This film was Peter Bogdanovich's homage to musical comedies of the 1930s. A millionaire named Michael Oliver Pritchard III and a singer named Kitty O'Kelly meet and fall in love. Meanwhile... See full summary »
Inspired by the 1948 movie Naked City, follows two cops working the streets on the down low. Their latest assignment is a case of a serial killer who became active around Christmas. However, an ambitious reporter gets in their way.
Courtney B. Vance,
Called up for jury duty, Richard Dice finds his first crush and only real, but unrequited love, on trial for murder. Richard desperately tries to prove Mollys innocence while untangling a ... See full summary »
Uses accounts from family, friends, and acquaintances to tell the story of Natalie Wood and how she started young, acting in the spotlight, making the transition from a childhood actress to... See full summary »
The summer of 1984: 32 years after Duane Jackson captained the high school football team and Jacy Farrow was homecoming queen, the small town of Anarene, Texas prepares for its bicentennial... See full summary »
This homage to the childhood days of the motion pictures starts in 1910, when the young attorney Leo Harrigan by chance meets a motion picture producer. Immediately he's invited to become a... See full summary »
The small western theme town of Willow is outfitted as an operable recreation park complete with staged shootouts and bank robberies, but it's running dangerously low on real money. ... See full summary »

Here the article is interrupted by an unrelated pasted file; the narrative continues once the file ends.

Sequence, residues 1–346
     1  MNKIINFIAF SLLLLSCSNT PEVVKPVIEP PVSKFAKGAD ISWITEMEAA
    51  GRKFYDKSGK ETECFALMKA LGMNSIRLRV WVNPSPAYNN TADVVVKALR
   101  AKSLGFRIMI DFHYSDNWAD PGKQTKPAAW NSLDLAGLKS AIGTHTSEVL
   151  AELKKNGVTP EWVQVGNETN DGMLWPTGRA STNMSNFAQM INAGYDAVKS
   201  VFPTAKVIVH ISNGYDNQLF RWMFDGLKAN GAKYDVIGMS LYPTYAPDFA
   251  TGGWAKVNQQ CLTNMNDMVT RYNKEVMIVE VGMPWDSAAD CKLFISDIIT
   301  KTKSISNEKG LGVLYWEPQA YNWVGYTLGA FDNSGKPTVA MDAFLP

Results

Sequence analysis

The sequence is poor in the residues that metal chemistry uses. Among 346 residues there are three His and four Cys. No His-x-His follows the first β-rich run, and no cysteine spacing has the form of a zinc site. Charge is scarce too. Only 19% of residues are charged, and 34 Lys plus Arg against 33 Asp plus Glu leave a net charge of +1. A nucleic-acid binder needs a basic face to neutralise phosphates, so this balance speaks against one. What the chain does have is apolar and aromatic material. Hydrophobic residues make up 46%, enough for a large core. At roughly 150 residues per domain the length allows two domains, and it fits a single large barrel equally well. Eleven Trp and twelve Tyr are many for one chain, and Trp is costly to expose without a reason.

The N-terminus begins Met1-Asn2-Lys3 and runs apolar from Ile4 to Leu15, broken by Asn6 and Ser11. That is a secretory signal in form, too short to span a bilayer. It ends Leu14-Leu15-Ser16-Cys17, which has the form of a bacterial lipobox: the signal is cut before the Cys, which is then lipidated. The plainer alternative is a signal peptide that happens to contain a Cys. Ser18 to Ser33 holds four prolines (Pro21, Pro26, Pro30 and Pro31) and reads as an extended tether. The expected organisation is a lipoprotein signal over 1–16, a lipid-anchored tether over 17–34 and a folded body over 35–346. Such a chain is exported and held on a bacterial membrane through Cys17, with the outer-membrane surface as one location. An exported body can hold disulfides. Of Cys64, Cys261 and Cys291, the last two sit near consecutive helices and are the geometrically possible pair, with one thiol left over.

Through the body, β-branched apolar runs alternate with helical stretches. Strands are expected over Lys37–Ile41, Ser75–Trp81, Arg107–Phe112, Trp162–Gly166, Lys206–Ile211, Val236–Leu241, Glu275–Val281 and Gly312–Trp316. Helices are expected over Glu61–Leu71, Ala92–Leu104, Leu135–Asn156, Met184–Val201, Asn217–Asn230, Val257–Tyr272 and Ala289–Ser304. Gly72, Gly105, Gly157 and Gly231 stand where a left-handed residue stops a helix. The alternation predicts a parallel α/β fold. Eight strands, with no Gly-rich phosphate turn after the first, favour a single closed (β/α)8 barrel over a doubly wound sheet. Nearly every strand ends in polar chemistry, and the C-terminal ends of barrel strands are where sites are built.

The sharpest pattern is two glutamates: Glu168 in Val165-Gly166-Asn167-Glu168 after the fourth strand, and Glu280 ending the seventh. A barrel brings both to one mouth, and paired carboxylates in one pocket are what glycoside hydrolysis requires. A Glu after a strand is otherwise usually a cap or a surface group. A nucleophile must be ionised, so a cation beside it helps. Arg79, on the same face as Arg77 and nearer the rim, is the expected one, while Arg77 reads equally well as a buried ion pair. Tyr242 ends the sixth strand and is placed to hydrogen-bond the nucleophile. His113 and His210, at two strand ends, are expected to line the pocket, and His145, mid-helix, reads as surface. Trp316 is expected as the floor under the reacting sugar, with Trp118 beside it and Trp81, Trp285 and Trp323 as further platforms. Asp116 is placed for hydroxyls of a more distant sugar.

In the scene immediately after Pete Rose and Paul Janszen meet, a televised baseball game contains an advertisement for "HurricaneSports.com" -- definitely out of place in the pre-Internet 1980s. See more »
As other users have said Sizemore was nothing more than a "Jay Leno impersonation" of Rose - only the haircut even remotely resembled the real Pete Rose. Moreover, Dash Mihok (who portrayed Paul Janszen) looked more like the real Rose. But casting error aside, the movie was genuine to its subject matter.
"Hustle" was an apt name playing off Rose's nickname "Charlie Hustle" in order to reference his gambling habits. Anyone who says the movie lacked because it didn't revere Rose for his baseball accomplishments is missing the point. The movie was about latter-life Pete Rose the gambler, not a biopic in general on the "greatest thing to ever happen to Cincinatti." Also, some criticize the film for not exploring avenues of Rose's colleagues; however, while Eric Davis was a background character and other famous Reds were mentioned, said colleagues' consent is required to have their likenesses and views to be used.
Furthermore, not even Rose himself confessed to his illegitimate activities until the beginning of this year.Before making any criticism, viewers should research.
As for the story itself, the one problem I noted was that the screenplay couldn't clearly delineate who was the protagonist. While Rose was clearly meant to be the 'villain,' focus and sympathy shifted between him and Janszen so much so that near the end, the movie may have been more appropriately entitled "Paul Janszen." Of course, ESPN would NOT have been able to sell that.
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